A fight for the rights of nature in Florida
Release date: Week of February 4, 2022
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The Whanganui River is a major river in the North Island of New Zealand which has been granted personality rights. (Photo: Felix Engelhardt, Wikipedia Commons, CC BY 2.0)
Nature’s Rights Laws elevate nature to have legal rights similar to those of humans, and in Orange County, Florida, local communities are citing these laws in an attempt to protect backyards. development water. Host Bobby Bascomb speaks with reporter Katie Surma about the ongoing battle between Orange County and the state legislature over granting nature rights.
BASCOMB: While many federal governments continue to drag their feet on seriously addressing the climate crisis, local communities around the world have already begun to take action, in part by enacting rights of nature laws. A doctrine rooted in Indigenous thought, Nature Rights Laws elevate nature to have the same legal rights as humans. Such laws have been enacted in some 17 countries around the world and more than 30 American communities. In Orange County, Florida, a challenge to an existing nature rights law is making its way through the court system. The case includes five waterways suing a developer. Katie Surma is a reporter for Inside Climate News who has followed the case and joins me now. Welcome to Life on Earth, Katie.
SURMA: Thank you very much, Bobby. It’s great to be here.
BASCOMB: So what are the rights of nature? And how is this different from current environmental policy?
SURMA: The rights of nature is a somewhat unorthodox legal movement that aims to give the elements of nature, so most often its rivers or other waterways, legal rights in the same way that humans have rights humans. And that’s different from traditional environmental law, which is usually human-centric, or some people say anthropocentric?
BASCOMB: And how might the rights of nature conflict with our notion of personal freedom and property rights, that sort of thing.
SURMA: In the United States, our bill of rights protects humans from government interference. And that prioritizing things like property rights, and the rights of nature, you know, kind of elevates natural beings to the same level as humans. And so those things will conflict with, you know, personal property, when you own land, you have the right to destroy it, generally.
BASCOMB: And there’s a case right now in Orange County, Florida that really highlights the potential of rights of nature measures. Can you tell us about this case? What is happening here?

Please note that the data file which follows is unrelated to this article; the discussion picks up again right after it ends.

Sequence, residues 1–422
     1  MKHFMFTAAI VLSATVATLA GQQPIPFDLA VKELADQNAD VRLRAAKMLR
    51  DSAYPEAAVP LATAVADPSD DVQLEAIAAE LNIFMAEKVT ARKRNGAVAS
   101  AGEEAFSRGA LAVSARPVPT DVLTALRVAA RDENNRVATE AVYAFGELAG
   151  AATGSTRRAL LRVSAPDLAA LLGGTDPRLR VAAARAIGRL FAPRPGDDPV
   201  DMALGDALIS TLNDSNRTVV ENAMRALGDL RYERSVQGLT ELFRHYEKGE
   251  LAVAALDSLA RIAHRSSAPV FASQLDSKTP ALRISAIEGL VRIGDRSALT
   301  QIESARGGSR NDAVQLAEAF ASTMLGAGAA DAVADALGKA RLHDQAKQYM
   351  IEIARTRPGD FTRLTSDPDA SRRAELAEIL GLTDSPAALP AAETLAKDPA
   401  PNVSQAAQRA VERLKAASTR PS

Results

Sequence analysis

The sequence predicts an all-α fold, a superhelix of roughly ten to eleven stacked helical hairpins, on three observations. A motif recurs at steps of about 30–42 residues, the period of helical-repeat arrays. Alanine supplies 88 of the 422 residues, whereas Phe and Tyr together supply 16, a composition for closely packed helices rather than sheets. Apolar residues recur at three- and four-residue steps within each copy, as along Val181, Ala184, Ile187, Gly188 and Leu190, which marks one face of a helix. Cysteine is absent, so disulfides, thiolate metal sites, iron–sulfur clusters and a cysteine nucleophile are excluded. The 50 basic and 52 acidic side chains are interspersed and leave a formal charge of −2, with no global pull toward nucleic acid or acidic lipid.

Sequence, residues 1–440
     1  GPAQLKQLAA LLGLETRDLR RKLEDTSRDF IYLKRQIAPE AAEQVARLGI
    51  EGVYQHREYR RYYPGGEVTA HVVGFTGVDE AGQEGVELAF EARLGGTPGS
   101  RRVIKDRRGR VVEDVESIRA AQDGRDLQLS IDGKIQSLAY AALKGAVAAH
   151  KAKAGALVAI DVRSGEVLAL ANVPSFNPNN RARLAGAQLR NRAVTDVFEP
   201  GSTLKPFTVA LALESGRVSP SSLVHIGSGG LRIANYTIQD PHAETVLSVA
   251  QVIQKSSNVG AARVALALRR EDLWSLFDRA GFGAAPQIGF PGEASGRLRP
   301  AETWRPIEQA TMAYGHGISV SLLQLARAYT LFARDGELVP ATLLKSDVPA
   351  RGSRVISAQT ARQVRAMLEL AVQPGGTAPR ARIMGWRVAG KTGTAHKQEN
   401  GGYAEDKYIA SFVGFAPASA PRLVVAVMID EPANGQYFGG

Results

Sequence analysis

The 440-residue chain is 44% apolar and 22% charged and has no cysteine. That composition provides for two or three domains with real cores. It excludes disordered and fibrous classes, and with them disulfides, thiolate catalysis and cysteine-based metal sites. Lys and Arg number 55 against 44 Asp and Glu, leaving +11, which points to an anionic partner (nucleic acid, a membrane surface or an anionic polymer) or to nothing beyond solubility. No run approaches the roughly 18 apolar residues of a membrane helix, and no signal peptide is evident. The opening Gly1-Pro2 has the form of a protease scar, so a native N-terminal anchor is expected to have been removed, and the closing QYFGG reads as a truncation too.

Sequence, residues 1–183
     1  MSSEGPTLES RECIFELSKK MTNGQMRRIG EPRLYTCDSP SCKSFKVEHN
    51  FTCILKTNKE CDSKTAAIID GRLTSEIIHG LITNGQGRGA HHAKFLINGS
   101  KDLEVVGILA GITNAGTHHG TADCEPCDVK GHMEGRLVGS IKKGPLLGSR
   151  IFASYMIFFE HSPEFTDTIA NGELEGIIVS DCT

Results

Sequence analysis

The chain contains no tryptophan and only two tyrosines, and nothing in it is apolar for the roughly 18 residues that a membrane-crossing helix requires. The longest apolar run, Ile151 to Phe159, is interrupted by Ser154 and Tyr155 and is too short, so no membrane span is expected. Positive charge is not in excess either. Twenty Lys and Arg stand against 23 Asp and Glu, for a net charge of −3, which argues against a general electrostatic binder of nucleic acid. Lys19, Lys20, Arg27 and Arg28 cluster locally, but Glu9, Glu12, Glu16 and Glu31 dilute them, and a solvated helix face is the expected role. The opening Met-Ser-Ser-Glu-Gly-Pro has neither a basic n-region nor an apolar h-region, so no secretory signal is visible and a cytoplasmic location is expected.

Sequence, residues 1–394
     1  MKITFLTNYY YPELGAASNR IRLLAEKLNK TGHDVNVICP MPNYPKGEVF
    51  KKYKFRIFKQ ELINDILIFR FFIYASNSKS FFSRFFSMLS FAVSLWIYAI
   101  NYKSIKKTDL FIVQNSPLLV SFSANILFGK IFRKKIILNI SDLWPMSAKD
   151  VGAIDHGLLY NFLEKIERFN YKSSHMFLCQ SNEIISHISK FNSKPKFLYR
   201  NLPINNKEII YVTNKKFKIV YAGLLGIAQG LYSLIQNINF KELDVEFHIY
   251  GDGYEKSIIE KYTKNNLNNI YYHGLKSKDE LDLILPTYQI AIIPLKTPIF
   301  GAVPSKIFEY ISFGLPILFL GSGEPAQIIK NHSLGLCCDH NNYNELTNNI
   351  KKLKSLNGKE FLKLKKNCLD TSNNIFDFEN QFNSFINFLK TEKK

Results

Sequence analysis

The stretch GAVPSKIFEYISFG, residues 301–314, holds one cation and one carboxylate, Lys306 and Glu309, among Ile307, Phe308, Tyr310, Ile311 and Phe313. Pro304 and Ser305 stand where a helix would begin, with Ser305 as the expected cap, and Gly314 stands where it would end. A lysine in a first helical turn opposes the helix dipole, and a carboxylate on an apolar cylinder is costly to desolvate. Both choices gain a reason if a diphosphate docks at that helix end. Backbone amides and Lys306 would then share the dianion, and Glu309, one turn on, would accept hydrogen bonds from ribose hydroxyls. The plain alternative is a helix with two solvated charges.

SURMA: Yeah, and it’s a really interesting case, because it sort of touches on one of the central issues that a lot of these nature rights provisions face in the United States, which is that, you know, local communities pass laws that recognize the rights of nature. And at the same time, the state legislatures are running ahead of them and saying you can’t do this. In 2019, people started campaigning to recognize waterway rights. As this campaign continues, the state legislature slipped a few sentences into a bill that was about to pass, saying Orange County can’t do this. Well, voters got to the polls a few months later, and it’s 2020, in one of the most divisive elections I think we’ve seen in a long time. And 89% of county voters said yes, we want to recognize the rights of nature. And you had this kind of confrontation between the state legislature and the county. Well, these waterways that now have rights have filed a lawsuit against a developer claiming that the planned development project will encroach on the rights of these waterways, polluting them by stopping the flow of water. And so the matter is now in litigation. And what the defendants are trying to do, the defendants are the developer and the state environmental protection agency. They want to dismiss the case saying it’s forewarned. And we haven’t even issued the permit yet. So it’s not good for disputes. The waterways plaintiffs and a man named Chuck O’Neal, who is the leading advocate for these laws in Orange County, Florida, have thrown a whole bunch of arguments in court trying to enforce this law and to enforce waterway rights. . And, and one of the things that they’re arguing is that the state can’t anticipate this law that we have an inherent right as a charter county to self-government, and that the state is going to enact environmental legislation, that it is a floor, not a ceiling. Since a floor is therefore the basic minimum, local authorities can then enact stricter environmental protection. And that’s something that’s happened in Florida in a number of other areas. So local communities are trying to enforce stricter laws on mask mandates, on banning straws, for example, sunscreen which contains chemicals that kill coral reefs, and the state is trying to get ahead of these laws. So it’s an interesting question. And it’s going to be really interesting to see what happens.